“Mad Hungry Family: 120 Essential Recipes to Feed the Whole Crew.” By Lucinda Scala Quinn. Artisan. $27.95.

My spouse and I don’t have any children – unless you count our brown mutt – but we frequently cook like we’re a family of five. That means large casseroles, soups, stews and main courses with several sides. We try not to be gluttons, so our refrigerator is typically stocked with days-worth of leftovers.

With our predilection for cooking way more food than necessary, I was immediately attracted to the premise, but not necessarily the title, of Linda Scala Quinn’s “Mad Hungry Family: 120 recipes to Feed the Whole Crew.” The book is part of Scala Quinn’s “Mad Hungry” line of books, kitchen utensils and television programs.

The artfully designed book is aimed at novice home cooks who want to try their hand at putting food on the family table. While cooking at home is generally healthier for you, Scala Quinn doesn’t put a strong emphasis on the health aspect of the food, opting instead for recipes that are easy to understand, source and prepare.

When I first flipped through “Mad Hungry Family,” I was a little disappointed. All of the meals, divided into sections like poultry, fish, meats, vegetables, salads, eggs and holiday dishes, looked good, but nothing popped off the page.

The dish I was most interested in was probably one of the least sexy, a simple sauté of poblano peppers and potatoes. I was drawn to the mixture’s versatility, as a side dish, base for a fried egg or taco filling.

That didn’t quite seem enough to base a cookbook review on, so days before my deadline I threw a wider net, choosing to also test broiled steak with a side of green beans to go along with my potatoes and peppers.

The results exceeded my expectations. Broiling the steak proved an easier and less messy alternative to searing it on the stovetop, and the super-simple pan sauce of onions, butter and red wine vinegar was delicious.

Adding pan-fried prosciutto to the green beans created an incredibly flavorful dish, and the potatoes and peppers were just spicy enough without becoming harsh. I saved enough to let me eat them with eggs in the morning for a few days.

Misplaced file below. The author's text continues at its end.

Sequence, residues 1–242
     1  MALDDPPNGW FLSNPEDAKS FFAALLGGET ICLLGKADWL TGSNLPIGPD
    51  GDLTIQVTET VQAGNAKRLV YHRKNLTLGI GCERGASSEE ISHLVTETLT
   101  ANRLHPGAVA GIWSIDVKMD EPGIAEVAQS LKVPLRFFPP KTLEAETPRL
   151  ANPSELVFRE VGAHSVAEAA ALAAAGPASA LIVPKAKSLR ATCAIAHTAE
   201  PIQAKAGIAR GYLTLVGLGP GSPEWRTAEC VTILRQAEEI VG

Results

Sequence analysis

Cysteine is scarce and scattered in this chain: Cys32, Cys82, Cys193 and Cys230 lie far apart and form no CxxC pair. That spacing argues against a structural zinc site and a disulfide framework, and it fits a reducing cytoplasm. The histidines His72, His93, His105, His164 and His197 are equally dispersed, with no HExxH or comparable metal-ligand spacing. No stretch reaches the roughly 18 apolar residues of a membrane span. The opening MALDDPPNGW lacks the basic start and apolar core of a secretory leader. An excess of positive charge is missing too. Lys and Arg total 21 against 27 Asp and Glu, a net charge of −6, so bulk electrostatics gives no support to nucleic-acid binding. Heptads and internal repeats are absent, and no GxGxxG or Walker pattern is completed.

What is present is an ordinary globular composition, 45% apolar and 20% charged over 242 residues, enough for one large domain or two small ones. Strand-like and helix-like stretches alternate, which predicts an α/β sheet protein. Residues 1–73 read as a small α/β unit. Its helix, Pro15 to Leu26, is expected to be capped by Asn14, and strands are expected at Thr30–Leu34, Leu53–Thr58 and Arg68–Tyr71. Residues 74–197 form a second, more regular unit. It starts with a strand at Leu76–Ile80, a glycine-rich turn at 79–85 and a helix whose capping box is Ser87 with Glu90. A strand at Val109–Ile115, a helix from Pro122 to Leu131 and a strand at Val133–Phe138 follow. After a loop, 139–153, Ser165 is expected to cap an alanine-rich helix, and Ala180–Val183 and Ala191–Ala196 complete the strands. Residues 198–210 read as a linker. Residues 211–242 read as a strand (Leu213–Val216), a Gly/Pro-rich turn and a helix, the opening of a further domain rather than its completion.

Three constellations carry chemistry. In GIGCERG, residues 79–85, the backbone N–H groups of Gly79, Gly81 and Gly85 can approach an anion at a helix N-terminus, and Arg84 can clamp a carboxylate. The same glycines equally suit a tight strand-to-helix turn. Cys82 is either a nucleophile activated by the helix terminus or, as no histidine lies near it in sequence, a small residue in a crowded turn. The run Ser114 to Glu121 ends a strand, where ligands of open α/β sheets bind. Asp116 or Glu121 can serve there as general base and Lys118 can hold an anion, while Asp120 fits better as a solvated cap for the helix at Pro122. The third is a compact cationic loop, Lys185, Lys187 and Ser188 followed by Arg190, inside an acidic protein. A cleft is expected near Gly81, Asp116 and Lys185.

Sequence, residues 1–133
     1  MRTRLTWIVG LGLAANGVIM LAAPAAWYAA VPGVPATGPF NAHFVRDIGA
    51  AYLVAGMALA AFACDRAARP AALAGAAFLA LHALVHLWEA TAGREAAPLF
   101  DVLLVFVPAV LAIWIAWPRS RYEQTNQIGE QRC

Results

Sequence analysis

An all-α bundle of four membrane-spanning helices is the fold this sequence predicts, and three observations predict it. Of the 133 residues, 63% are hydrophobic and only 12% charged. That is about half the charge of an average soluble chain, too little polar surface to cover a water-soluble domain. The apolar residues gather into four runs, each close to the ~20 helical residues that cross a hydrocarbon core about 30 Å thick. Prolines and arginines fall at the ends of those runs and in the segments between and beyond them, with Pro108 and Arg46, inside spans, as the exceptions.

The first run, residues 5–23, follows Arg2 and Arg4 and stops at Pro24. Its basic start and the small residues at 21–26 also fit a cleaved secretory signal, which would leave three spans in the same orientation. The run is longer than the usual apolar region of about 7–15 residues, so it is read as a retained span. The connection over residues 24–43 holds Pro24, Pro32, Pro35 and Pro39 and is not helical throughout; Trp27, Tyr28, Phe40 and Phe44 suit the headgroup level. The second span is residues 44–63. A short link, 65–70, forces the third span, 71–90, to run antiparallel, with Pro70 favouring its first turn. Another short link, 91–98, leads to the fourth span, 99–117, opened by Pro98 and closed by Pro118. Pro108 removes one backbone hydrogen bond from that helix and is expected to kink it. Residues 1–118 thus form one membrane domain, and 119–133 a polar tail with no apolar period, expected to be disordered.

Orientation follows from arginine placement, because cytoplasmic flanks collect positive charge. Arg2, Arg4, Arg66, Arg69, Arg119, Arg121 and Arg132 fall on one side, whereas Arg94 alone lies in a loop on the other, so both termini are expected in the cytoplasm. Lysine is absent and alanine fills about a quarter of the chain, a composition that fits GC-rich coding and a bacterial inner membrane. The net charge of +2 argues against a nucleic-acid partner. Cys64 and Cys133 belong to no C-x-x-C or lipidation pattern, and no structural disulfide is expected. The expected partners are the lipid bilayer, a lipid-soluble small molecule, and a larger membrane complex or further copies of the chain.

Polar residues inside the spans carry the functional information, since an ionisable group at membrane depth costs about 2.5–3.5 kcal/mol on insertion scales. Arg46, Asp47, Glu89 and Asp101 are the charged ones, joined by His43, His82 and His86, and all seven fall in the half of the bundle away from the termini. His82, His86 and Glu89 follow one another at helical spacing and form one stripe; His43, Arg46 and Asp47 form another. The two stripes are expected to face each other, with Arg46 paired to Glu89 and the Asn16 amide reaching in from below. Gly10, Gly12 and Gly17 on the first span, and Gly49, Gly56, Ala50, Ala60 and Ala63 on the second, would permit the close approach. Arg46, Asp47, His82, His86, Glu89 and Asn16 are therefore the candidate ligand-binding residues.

I went into “Mad Hungry” with low expectations, but now I look forward to tackling many of Scala Quinn’s other recipes. Even if you are a family of one, it’s worth your time to give her meal ideas a try.

BROILED BLACK PEPPER SIRLOIN STEAK

Serves 2 to 4

Extra-virgin olive oil, for drizzling

1½ pounds sirloin steak (3/4- to 1-inch thick)

1 onion, halved and sliced

1 tablespoon unsalted butter

1/3 cup red wine vinegar

Preheat the broiler. Place a large oven-proof skillet (preferably cast iron) as close to the broiler as possible and let it heat for two minutes. Drizzle the steaks with oil and rub it over the meat. Season both sides of the steak generously with salt and pepper. Add the steak to the heated skillet and broil for 6 to 8 minutes (6 minutes for medium-rare). Transfer the steak to a plate to rest.

Heat the now empty skillet over medium heat. Add the onions and butter. Stir and cook until browned, about 6 minutes. Pour in the vinegar and scrape up the browned bits on the bottom of the skillet. Simmer the vinegar until reduced, about 1 minute.

Pour any steak juices from the resting steak into the skillet and remove the sauce from the heat.

Transfer the steak to a cutting board and cut into 1/4-inch-thick slices. Lay the steak slices on a platter, pour the sauce over top, and serve.

SAUTÉED POTATOES AND POBLANO PEPPERS

Makes 2 cups

Coarse salt

2 potatoes, peeled and chopped

4 poblano peppers

1 tablespoon vegetable oil

1 onion, sliced

Boil a pot of salted water. Add the potatoes and cook until tender, 15 to 18 minutes. Drain.

Meanwhile, roast the chilies on an open flame, rotating as each part chars, until the skin is totally blackened, about 7 minutes. Alternatively, place the peppers on a baking sheet and broil, rotating to achieve the overall charring. Place the roasted chilies into a plastic bag and let them steam for about 15 minutes.

When cool enough to handle, remove 1 pepper at a time from the bag and pull or rub off the skin. Remove and discard the core, ribs and seeds. Tear the flesh into strips and set aside.

Heat a large skillet over medium-high heat. Swirl in the oil. When it shimmers, add the onion and potatoes and sauté until tender, about 8 minutes.

Add the chili strips and ½ teaspoon salt. Stir to combine and cook, covered, until the onions and potatoes are golden on the edges, about 5 minutes.